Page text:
Thursday, November 15, 2012

Survival of the Fittest

Our interest in health and fitness is huge, and our interest in sex and family even more so. In biology, fitness combines all three!

In biological terms, the fittest individuals must survive AND reproduce.

However, they are not necessarily the strongest, fastest, or biggest --- the fittest individuals are those that consistently leaves more offspring in the next generation.

Consider:
  • An undersized plant with a large seed pod may leave behind more offspring than a taller, heartier plant.
  • Artists and musicians are often known for less-than-healthy lifestyles (think insomnia, depression, drugs, stress) yet may have more offspring than a superbly trained decathlete or body builder.

playwright gets the girl:
Marilyn & Arthur Miller

Winning army bodybuilders (photo: C.Smith (USAG Wiesbaden), Wikimedia Commons)

So fitness has a very different meaning in biology and evolution than the one we use in everyday life – it doesn’t necessarily mean healthier, just more able to get its genes into the next generation.

How does this apply to lions, leopards, bears and beetles?



Passing down your genes into immortality involves either competition or avoidance.

You can outcompete other species or others of your own species, like a large male lion might fight and defeat a rival lion to access food or females and, thus, survive and breed.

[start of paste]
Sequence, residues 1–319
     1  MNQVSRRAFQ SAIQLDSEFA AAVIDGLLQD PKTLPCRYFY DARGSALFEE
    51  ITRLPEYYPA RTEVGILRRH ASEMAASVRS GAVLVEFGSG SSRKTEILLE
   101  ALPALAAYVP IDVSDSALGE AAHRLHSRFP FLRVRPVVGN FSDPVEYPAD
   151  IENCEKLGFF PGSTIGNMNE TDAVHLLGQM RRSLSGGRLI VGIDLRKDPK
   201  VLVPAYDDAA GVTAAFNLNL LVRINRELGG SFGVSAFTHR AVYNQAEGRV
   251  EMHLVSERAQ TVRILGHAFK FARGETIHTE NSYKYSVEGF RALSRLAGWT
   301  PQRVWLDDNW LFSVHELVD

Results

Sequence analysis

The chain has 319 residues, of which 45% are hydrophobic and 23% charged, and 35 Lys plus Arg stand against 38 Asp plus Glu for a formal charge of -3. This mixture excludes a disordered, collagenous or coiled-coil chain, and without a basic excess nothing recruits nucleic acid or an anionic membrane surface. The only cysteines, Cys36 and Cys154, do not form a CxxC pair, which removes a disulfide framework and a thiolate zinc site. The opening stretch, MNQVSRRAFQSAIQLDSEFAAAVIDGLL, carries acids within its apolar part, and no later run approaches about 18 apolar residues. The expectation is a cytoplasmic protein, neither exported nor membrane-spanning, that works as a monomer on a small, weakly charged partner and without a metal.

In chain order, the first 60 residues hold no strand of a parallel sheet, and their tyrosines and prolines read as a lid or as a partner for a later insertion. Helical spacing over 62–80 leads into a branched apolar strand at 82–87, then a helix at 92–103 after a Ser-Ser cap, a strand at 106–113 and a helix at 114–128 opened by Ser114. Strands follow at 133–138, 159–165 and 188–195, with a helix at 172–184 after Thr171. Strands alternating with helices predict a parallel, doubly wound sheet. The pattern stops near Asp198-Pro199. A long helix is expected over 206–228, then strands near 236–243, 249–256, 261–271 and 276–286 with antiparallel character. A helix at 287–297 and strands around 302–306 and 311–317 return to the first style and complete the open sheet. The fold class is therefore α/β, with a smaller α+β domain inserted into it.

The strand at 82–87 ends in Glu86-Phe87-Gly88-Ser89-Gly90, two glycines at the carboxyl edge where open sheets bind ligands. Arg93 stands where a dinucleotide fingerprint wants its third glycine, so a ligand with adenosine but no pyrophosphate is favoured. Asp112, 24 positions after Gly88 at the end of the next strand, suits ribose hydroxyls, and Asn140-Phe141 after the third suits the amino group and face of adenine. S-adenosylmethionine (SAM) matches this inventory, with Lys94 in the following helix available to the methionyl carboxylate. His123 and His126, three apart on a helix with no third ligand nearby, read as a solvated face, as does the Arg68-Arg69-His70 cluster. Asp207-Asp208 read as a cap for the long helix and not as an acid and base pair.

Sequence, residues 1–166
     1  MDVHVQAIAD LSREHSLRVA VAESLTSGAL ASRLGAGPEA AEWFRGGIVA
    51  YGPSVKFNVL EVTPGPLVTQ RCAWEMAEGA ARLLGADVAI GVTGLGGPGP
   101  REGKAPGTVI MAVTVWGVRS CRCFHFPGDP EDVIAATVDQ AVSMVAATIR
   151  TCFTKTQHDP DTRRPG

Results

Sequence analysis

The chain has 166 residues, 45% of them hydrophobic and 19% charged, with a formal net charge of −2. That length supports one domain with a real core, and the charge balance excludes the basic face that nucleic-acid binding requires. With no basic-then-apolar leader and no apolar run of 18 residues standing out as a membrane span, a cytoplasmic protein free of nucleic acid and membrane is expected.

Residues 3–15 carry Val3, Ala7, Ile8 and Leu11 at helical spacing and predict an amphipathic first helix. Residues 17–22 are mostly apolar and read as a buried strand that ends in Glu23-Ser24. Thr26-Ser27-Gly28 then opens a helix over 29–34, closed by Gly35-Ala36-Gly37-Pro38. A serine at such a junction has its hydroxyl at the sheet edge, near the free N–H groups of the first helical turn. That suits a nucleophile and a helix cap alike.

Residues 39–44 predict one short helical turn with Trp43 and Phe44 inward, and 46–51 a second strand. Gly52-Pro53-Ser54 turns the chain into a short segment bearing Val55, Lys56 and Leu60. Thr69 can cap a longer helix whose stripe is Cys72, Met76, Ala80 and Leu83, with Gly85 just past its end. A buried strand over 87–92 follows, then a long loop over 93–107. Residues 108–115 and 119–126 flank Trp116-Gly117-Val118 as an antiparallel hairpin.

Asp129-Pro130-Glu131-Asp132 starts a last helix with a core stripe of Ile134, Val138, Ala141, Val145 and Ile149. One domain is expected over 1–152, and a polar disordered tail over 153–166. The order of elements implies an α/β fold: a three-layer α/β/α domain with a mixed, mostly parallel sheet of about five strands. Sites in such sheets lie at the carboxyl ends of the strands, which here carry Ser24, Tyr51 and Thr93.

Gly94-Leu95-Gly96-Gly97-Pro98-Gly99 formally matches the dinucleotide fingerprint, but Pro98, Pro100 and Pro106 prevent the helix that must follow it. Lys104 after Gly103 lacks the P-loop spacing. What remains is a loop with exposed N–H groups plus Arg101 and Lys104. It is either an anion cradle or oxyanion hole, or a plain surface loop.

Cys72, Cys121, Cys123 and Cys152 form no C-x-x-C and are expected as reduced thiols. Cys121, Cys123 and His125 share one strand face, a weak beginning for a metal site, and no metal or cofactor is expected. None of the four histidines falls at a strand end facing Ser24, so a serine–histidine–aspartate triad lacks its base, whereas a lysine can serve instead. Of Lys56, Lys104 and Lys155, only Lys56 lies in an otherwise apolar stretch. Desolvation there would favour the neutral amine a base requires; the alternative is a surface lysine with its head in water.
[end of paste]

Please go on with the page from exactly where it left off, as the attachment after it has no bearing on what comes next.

On the other hand, while a leopard may outcompete other leopards, it avoids competition with the larger lion by hunting at night and dragging its kill up a tree to eat there.

(Which is one tough trick -- note admiring gaze from the young at left)

The leopard partitions the food resource (antelopes) temporally, leaving daytime hunting to the lions.
A snow leopard really avoids competition by living alone in the jagged, rocky terrain of the high Himalaya Mountains, where its heavy coat to stay warm, super long tail to balance on cliff edges, and enlarged nasal cavities to heat inhaled cold air all contribute to its ability to survive and breed in that harsh environment.

These traits – strength for the lion, climbing ability for the leopard, resistance to cold in the snow leopard – that lead to success in living and breeding are those that will continue to the next generation.

In other words, the traits we see today in a given plant or animal are those that have passed the test of time – they helped (or at least didn’t interfere with) individuals of the species to survive and/or reproduce and so were then passed on to subsequent generations.

To visualize natural selection -- how differences in reproductive success will, over time, make certain traits more or less common in a population -- imagine a population of beetles on the African plains:

Some of the beetles are green, and some are brown. (i.e. there is some variability in the trait of interest)

However, the environment can't support unlimited growth in the beetle population, so not all beetles get to reproduce to their full potential.
In this population, green beetles tend to get eaten by birds, so they survive and, thus, reproduce less often than brown beetles do. (i.e. there is differential reproduction)